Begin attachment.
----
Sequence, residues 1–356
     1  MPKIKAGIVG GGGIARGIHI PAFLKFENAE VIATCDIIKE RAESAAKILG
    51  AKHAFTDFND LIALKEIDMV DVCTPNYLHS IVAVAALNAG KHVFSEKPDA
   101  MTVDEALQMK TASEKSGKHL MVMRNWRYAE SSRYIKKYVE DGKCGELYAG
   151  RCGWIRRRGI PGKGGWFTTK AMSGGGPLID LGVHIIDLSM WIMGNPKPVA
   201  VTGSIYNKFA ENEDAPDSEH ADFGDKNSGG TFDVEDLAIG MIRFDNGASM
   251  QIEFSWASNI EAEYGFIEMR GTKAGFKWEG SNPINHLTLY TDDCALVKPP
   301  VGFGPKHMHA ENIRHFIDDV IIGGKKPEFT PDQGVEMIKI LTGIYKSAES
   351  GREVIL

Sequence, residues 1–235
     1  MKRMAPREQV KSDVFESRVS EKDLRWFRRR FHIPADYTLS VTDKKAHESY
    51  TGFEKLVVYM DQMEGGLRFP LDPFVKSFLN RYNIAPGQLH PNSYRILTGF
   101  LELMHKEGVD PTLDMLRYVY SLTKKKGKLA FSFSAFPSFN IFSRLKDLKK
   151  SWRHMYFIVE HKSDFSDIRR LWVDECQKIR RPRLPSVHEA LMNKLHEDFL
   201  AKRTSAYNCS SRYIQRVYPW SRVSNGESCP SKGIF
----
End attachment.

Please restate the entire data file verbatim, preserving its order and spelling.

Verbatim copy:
Sequence, residues 1–356
     1  MPKIKAGIVG GGGIARGIHI PAFLKFENAE VIATCDIIKE RAESAAKILG
    51  AKHAFTDFND LIALKEIDMV DVCTPNYLHS IVAVAALNAG KHVFSEKPDA
   101  MTVDEALQMK TASEKSGKHL MVMRNWRYAE SSRYIKKYVE DGKCGELYAG
   151  RCGWIRRRGI PGKGGWFTTK AMSGGGPLID LGVHIIDLSM WIMGNPKPVA
   201  VTGSIYNKFA ENEDAPDSEH ADFGDKNSGG TFDVEDLAIG MIRFDNGASM
   251  QIEFSWASNI EAEYGFIEMR GTKAGFKWEG SNPINHLTLY TDDCALVKPP
   301  VGFGPKHMHA ENIRHFIDDV IIGGKKPEFT PDQGVEMIKI LTGIYKSAES
   351  GREVIL

Sequence, residues 1–235
     1  MKRMAPREQV KSDVFESRVS EKDLRWFRRR FHIPADYTLS VTDKKAHESY
    51  TGFEKLVVYM DQMEGGLRFP LDPFVKSFLN RYNIAPGQLH PNSYRILTGF
   101  LELMHKEGVD PTLDMLRYVY SLTKKKGKLA FSFSAFPSFN IFSRLKDLKK
   151  SWRHMYFIVE HKSDFSDIRR LWVDECQKIR RPRLPSVHEA LMNKLHEDFL
   201  AKRTSAYNCS SRYIQRVYPW SRVSNGESCP SKGIF